One of the most (if perhaps not the most) treasured tool in my tool chest is my vintage Stanley Bedrock No. 7. I’ve had it for a bit less than year and I love it more and more every day. It was a gift from my late godfather, and it is a joy to use.
I’m generally familiar with the dating criteria for ordinary Stanley planes. But I hadn’t looked into the history of the Bedrock variants. Until last night. Turns out, my No. 7 is a Type 2, built between 1898-1899. It’s not my oldest tool (that probably goes to the firmer paring chisel I recently restored), but it’s still in great shape for its age.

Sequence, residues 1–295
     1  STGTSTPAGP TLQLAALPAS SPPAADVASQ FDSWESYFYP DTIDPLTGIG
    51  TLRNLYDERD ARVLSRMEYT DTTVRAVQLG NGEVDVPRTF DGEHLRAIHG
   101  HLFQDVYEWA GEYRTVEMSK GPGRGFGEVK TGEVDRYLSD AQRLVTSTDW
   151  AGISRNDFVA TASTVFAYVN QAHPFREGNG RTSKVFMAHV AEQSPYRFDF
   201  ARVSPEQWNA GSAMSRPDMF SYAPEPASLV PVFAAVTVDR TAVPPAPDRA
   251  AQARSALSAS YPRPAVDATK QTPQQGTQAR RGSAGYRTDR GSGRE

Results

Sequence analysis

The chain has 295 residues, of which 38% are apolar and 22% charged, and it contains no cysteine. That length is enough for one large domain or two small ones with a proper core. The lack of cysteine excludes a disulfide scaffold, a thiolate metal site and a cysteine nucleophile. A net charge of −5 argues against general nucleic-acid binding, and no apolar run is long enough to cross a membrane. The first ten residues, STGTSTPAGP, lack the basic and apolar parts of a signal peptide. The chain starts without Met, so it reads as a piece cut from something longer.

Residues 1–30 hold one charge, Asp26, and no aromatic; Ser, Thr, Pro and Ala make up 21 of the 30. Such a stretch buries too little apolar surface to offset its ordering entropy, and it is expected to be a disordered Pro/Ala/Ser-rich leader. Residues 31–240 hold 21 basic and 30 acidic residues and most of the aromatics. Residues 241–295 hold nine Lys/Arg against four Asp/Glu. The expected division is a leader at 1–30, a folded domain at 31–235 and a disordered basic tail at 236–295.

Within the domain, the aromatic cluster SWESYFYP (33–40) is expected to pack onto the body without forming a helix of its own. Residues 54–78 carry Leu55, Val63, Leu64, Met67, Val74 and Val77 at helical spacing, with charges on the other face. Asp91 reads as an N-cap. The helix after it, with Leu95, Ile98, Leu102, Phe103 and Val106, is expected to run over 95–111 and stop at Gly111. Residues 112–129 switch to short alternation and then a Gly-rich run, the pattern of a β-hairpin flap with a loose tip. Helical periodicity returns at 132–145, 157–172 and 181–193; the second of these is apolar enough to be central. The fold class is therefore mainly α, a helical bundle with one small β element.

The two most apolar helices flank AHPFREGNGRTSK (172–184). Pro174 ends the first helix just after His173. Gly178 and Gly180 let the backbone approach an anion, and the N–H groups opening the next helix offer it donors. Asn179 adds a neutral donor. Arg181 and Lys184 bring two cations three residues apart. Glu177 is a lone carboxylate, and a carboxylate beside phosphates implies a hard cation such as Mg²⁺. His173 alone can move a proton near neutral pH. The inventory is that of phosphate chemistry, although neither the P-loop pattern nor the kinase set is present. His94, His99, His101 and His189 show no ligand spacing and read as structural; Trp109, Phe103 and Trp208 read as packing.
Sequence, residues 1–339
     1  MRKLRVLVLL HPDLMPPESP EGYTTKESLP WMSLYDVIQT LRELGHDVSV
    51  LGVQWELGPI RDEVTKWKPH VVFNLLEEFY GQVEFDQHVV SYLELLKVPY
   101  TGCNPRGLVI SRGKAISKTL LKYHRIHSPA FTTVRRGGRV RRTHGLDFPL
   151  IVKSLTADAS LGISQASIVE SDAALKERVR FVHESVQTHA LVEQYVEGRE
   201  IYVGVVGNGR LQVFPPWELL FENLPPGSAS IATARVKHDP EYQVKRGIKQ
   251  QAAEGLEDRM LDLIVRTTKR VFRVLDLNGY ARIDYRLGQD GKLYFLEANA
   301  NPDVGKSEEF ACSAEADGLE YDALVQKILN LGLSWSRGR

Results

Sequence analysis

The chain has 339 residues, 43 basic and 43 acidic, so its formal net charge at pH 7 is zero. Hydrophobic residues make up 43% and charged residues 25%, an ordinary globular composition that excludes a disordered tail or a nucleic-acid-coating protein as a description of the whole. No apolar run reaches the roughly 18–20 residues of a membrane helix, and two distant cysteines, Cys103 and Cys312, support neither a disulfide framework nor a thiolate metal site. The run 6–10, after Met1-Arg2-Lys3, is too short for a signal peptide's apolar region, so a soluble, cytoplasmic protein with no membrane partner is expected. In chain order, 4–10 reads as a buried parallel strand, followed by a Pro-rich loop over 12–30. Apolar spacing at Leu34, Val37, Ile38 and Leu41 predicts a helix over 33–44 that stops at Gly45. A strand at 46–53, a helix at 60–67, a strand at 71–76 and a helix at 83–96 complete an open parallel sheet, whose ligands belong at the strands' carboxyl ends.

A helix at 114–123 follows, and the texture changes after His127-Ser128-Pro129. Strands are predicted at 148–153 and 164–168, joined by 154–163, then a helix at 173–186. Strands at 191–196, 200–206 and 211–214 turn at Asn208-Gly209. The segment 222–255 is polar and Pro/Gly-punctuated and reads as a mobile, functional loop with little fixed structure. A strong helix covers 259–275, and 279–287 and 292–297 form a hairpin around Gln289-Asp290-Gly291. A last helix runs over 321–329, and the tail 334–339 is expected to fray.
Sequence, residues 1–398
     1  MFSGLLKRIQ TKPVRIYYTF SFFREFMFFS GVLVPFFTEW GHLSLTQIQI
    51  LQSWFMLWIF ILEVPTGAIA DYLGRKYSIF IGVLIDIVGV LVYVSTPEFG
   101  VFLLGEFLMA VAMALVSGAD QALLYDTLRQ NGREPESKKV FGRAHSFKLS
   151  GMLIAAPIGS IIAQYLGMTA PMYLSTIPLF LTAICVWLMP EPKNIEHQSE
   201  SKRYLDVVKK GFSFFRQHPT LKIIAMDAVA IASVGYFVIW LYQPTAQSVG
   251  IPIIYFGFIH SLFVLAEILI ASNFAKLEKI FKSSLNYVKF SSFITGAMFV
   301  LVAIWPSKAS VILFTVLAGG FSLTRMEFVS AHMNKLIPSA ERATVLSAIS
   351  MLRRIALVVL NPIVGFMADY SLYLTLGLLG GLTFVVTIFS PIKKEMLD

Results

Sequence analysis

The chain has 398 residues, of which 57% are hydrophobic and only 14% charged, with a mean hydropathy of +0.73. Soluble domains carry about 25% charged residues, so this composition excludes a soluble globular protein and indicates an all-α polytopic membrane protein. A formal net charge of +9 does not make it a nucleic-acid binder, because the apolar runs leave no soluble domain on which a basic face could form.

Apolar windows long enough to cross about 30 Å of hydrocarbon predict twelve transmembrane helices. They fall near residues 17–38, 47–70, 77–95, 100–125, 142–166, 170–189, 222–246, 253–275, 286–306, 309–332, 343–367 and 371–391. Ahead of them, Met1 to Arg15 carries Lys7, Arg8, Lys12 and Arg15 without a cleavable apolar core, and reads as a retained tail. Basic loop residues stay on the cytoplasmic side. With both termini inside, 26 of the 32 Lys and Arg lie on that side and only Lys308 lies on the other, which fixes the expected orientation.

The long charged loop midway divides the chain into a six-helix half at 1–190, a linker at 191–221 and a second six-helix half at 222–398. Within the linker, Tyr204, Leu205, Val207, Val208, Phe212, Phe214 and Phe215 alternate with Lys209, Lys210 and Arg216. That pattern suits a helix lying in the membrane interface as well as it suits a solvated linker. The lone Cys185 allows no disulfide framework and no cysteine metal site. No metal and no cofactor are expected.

Despite hanging on a basement wall for however many decades (it has a hanging hole), the plane had minimal rust (no pitting) and the sole was still very flat. It merely required a wipe down with mineral spirits, a replacement iron (Veritas A2 from Lee Valley), a quick re-peening of the lateral adjustment lever, and a few passes on the granite slab with 220 grit sandpaper to be fully functional.
I don’t know how much use it got originally, but it gets used every day I’m in my shop. If it came down to it, I am 100% certain that it’s the only bench plane I would keep. They really don’t make ’em like they used to.
And, for the record, I sharpen my No. 7 with a slight camber.